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Cheap calculator hacking Answered

I put together a Solarbiotics Magbot Pendulum and it has a period of one second. I measured this by using a stopwatch and counting the swings for five minutes. . What I would like to do is count the number of times it swings back and forth over an extended period of time, for example 24 hours.   I came across an article showing how to use a cheap calculator to count the number of turns a shaft makes. A cam attached to the shaft presses the "+" key each time the shaft turns one full turn. to use it, you clear the calculator and press the "1" button. Then every turn the cam presses the "+" button and 1 is added to the sum being displayed. Every cycle of the pendulum causes the LED to flash (pulse)  once. I'd like to use these pulses to do the electronic equivalent of pressing the "+" button.  It might be possible to count these pulses using electronic circuitry (decade counters) but electronic calculators only cost about a dollar of two and I'd like to give that a try. Any suggestions would be appreciated.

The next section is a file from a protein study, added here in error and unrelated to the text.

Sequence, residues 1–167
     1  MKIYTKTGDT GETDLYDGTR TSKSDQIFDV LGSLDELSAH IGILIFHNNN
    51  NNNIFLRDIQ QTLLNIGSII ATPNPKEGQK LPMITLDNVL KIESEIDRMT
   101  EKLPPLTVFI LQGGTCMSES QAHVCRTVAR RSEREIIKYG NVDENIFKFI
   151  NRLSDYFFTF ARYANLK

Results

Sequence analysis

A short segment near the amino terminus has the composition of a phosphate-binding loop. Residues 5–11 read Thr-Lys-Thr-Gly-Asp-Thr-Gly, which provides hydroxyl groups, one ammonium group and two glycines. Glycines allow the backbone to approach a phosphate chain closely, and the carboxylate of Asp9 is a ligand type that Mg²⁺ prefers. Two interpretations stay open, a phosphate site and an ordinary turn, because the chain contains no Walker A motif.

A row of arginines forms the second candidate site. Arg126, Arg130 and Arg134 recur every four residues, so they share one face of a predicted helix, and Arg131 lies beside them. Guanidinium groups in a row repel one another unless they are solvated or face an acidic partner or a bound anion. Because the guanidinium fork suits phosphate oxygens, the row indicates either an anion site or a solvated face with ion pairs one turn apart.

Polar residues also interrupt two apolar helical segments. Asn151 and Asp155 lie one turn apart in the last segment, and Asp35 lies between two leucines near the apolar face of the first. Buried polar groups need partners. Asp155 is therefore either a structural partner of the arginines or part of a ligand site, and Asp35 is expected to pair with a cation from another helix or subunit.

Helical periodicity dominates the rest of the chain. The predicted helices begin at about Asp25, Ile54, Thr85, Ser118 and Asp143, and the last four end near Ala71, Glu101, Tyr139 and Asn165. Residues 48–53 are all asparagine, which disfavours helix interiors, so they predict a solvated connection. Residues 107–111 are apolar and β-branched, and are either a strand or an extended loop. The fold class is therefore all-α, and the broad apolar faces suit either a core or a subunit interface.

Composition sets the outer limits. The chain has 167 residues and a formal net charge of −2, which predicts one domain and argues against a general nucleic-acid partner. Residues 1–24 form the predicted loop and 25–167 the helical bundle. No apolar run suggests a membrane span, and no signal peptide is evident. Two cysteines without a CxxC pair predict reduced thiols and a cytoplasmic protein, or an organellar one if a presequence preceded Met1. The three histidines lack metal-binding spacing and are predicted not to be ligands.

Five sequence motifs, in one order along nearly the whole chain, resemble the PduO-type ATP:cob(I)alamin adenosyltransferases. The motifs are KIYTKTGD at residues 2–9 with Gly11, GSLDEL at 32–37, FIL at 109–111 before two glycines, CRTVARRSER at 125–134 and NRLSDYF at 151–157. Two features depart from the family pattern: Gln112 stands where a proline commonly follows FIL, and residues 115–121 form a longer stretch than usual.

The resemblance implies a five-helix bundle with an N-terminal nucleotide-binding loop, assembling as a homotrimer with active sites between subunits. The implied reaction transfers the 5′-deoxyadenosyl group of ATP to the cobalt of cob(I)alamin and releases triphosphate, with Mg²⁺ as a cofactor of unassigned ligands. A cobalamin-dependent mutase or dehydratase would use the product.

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petercd

5 years ago

I rigged a small magnet on a wheel and wired a reed switch to the calculator's equals pad to count the number of turns. I somehow think a magnet might slow down your pendulum though, perhaps something in the optical sensing range might be better, then again that would probably involve more supporting electronic components.